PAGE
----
The same kind of situation happened when my daughter and her friend were eating. I normally make my kids put their devices away during family dinners, but since we were eating in shifts I didn’t make an issue of it. I noticed that the girls weren’t really eating. Instead they were fixated on the friend’s iPad, watching a movie on Netflix. This makes me sad. Not in the distraught kind of way, but a longing for the olden days. The time when technology didn’t occupy every waking minute.
I’m guilty of being plugged in too much myself. I don’t read before I go to bed. Instead I squint and read articles on my phone in the dark. Now I’ve written a post before about ‘Dear Abby’ and criticized her advice. Yet I still read her column more so for entertainment than infotainment. And I must say it’s quite sleep-inducing. This was the one I read last night:
agree that most children should pay attention to the event at hand, as the
mother of two children on the autism spectrum, I have a different perspective.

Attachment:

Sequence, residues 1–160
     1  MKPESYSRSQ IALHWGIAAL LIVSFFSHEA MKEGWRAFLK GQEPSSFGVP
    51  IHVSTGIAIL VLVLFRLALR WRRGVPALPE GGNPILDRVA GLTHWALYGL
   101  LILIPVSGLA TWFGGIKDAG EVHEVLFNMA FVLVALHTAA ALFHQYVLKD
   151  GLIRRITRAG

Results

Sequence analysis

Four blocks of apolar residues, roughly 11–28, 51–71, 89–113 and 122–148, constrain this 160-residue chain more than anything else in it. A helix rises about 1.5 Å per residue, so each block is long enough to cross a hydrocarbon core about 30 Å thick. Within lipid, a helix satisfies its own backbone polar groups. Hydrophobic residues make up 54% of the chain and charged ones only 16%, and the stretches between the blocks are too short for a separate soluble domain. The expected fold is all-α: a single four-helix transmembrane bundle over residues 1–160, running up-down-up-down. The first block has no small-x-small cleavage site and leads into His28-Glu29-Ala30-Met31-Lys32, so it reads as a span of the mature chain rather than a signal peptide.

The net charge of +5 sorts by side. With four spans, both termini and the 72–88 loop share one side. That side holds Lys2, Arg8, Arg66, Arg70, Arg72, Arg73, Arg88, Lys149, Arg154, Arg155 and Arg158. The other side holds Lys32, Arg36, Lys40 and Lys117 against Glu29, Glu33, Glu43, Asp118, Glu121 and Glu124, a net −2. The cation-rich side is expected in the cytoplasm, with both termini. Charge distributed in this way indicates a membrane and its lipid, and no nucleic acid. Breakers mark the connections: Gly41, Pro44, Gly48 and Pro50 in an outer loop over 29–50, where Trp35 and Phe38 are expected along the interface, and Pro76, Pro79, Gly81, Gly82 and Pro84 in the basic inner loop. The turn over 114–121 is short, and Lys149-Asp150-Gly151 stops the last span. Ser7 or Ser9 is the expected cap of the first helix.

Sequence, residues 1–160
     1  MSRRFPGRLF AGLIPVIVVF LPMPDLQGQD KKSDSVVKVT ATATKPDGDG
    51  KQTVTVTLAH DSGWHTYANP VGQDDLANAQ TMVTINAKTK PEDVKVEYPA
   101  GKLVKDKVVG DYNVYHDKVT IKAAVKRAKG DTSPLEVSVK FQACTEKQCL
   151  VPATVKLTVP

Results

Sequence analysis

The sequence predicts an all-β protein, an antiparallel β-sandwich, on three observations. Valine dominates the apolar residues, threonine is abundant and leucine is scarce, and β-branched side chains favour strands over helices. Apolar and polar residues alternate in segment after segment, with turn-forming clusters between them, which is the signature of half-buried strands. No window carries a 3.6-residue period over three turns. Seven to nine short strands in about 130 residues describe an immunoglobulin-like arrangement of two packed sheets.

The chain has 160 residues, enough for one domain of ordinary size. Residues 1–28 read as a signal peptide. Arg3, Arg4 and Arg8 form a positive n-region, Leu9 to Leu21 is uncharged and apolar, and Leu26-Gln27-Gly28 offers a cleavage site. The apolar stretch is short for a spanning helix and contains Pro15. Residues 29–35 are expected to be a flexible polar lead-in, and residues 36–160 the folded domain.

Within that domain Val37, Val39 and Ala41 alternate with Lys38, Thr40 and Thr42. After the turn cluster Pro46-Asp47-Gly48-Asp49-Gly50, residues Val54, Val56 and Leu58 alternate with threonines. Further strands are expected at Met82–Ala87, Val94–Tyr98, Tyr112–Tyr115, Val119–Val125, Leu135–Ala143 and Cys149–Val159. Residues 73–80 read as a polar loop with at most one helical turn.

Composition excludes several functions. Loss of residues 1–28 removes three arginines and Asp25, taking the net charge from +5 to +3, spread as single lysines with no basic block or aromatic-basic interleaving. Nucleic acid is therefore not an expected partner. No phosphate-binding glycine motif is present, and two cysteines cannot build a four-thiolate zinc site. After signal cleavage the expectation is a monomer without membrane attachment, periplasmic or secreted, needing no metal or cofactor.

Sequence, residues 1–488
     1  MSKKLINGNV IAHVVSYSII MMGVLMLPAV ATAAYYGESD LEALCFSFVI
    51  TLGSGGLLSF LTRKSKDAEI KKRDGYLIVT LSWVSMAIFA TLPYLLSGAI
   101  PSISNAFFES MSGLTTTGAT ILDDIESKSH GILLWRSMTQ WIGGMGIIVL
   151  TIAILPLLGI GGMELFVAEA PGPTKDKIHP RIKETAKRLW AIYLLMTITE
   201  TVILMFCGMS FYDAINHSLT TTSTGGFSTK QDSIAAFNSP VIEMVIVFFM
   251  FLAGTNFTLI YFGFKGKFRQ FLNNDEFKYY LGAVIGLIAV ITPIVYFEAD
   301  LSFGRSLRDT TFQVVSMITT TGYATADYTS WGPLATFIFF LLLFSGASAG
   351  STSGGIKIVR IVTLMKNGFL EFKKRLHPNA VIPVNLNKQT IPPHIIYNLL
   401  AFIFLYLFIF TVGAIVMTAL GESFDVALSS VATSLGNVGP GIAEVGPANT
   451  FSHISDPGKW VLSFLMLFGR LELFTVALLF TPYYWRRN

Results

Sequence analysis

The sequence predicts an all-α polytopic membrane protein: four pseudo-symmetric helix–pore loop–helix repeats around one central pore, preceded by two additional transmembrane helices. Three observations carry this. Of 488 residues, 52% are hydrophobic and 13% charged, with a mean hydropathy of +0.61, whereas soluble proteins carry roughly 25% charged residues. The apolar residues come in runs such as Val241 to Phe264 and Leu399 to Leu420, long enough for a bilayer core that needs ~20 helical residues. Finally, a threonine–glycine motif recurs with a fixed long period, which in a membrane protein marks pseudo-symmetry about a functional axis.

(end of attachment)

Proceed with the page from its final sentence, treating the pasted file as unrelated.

There are apps and games designed to keep these children occupied and help
them deal with the stress and anxiety of being in a large group of people. I should not have to leave my sons at home because they are on the spectrum, so a harmless, quiet game that allows them to participate without being disruptive is
a godsend to me. Sometimes it is not obvious why someone is doing something; so as long as it isn't disrupting the event, please try to be tolerant. -- LAURA IN PENNSYLVANIA
(The full post: http://news.yahoo.com/kids-39-handheld-electronics-may-more-fun-games-050116550.html)
Happy Friday! (Err…not. The kids are home.)